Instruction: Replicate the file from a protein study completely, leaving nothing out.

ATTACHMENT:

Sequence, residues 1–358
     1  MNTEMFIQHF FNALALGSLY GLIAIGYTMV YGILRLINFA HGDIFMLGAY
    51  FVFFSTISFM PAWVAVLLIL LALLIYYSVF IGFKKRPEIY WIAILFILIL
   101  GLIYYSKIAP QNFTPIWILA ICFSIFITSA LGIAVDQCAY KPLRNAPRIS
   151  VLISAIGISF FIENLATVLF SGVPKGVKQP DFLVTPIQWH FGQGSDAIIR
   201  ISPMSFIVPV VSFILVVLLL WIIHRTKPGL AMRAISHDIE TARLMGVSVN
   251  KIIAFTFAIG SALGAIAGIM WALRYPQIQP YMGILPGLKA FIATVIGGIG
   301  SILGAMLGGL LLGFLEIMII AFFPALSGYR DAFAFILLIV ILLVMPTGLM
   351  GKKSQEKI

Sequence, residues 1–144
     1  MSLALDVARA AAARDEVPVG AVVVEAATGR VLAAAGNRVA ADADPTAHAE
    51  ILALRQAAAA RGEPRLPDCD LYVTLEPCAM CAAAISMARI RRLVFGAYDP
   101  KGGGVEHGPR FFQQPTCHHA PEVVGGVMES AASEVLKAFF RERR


Sequence, residues 1–358
     1  MNTEMFIQHF FNALALGSLY GLIAIGYTMV YGILRLINFA HGDIFMLGAY
    51  FVFFSTISFM PAWVAVLLIL LALLIYYSVF IGFKKRPEIY WIAILFILIL
   101  GLIYYSKIAP QNFTPIWILA ICFSIFITSA LGIAVDQCAY KPLRNAPRIS
   151  VLISAIGISF FIENLATVLF SGVPKGVKQP DFLVTPIQWH FGQGSDAIIR
   201  ISPMSFIVPV VSFILVVLLL WIIHRTKPGL AMRAISHDIE TARLMGVSVN
   251  KIIAFTFAIG SALGAIAGIM WALRYPQIQP YMGILPGLKA FIATVIGGIG
   301  SILGAMLGGL LLGFLEIMII AFFPALSGYR DAFAFILLIV ILLVMPTGLM
   351  GKKSQEKI

Sequence, residues 1–144
     1  MSLALDVARA AAARDEVPVG AVVVEAATGR VLAAAGNRVA ADADPTAHAE
    51  ILALRQAAAA RGEPRLPDCD LYVTLEPCAM CAAAISMARI RRLVFGAYDP
   101  KGGGVEHGPR FFQQPTCHHA PEVVGGVMES AASEVLKAFF RERR